Free agents spice winter meetings

Monday, December 10, 2001

BOSTON -- After pleading poverty in front of Congress last week, baseball teams gathered Sunday to spend some more money on free agents at the winter meetings.

Barry Bonds, Jason Giambi, Chan Ho Park and Juan Gonzalez headed the list of available players. While this year's class isn't expected to produce the free-agent frenzy of last year's gathering in Dallas, the late ending of the World Series shortened baseball's business season, which should make for a hectic four days before general managers go home Thursday.

The New York Yankees and Mets didn't even wait for the meetings to get into a dealing mood, with the Yankees sending outfielder David Justice across town on Friday for third baseman Robin Ventura. And Oakland acquired closer Billy Koch from Toronto for a pair of minor leaguers.

But all was quiet Sunday.

"Nobody's looking to make a trade right now," Mets general manager Steve Phillips said. "People want to talk to everybody to know what's out there."

There were just five trades last year and only one of significance, a six-man swap that sent Brad Ausmus, Doug Brocail and Nelson Cruz from Detroit to Houston for Roger Cedeno, Chris Holt and Mitch Meluskey.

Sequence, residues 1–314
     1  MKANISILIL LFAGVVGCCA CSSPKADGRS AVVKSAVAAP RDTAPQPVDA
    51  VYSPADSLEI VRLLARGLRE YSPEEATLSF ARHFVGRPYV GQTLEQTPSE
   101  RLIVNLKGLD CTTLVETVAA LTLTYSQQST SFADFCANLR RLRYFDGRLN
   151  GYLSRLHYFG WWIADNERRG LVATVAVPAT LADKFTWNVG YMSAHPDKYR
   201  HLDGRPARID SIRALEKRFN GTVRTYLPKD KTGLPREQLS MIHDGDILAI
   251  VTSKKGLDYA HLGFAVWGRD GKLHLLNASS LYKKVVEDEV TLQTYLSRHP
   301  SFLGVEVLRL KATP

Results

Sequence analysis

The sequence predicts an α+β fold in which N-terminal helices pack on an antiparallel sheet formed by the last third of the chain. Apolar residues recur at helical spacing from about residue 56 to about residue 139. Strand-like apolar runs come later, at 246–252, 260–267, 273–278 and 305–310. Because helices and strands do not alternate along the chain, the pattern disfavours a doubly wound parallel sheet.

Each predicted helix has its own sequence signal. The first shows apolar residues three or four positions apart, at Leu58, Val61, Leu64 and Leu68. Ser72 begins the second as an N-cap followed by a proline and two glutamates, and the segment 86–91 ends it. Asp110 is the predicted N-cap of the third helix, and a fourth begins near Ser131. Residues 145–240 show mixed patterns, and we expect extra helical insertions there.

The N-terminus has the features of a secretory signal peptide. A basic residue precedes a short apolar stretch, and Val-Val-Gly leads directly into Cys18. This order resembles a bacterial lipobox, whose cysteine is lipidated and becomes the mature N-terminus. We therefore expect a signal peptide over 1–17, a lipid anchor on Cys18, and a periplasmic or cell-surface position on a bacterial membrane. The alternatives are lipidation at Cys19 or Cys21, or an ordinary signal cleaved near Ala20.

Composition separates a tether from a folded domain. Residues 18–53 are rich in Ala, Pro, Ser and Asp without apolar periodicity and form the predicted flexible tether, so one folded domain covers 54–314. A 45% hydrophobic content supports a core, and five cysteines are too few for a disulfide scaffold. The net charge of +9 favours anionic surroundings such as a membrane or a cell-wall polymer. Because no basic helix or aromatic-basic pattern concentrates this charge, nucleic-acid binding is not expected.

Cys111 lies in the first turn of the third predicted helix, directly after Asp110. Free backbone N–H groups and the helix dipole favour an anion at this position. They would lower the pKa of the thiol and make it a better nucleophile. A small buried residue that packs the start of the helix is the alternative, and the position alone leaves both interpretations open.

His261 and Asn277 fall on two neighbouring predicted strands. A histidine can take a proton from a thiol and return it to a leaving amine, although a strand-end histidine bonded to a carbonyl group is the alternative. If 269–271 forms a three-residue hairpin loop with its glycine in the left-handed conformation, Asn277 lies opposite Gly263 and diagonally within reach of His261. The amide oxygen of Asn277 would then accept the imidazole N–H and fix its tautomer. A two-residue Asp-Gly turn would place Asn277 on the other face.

Alex Rodriguez and Manny Ramirez got most of the attention, with Texas giving the shortstop a record $252 million, 10-year contract and the Red Sox giving Ramirez a $160 million, eight-year deal.

In all, owners committed $739.2 million to 25 players.

"This has to end sometime," Philadelphia Phillies manager Larry Bowa said. "The well's got to run dry. It seems it does for a little bit, but then it starts back up."

Commissioner Bud Selig testified before the House Judiciary Committee last Thursday and said baseball was broke, blaming high salaries caused by free agency and salary arbitration.

While owners have sung that chorus repeatedly since the reserve clause was struck down in December 1975, many keep spending in an effort to win.

Scott Boras, who negotiated Rodriguez's deal last year, arrived Sunday to step up his peddling of Bonds. While Bonds hit a record 73 homers this year, he is 37, creating caution among teams faced with an expected asking price of $20 million or more annually for four or five years.

San Francisco, the outfielder's team since 1993, made Bonds an offer last week, but no other club has publicly admitted interest in the outfielder.

"We offered a home-team discount in spring training," Boras said. "We offered them a four-year contract at a very favorable number."

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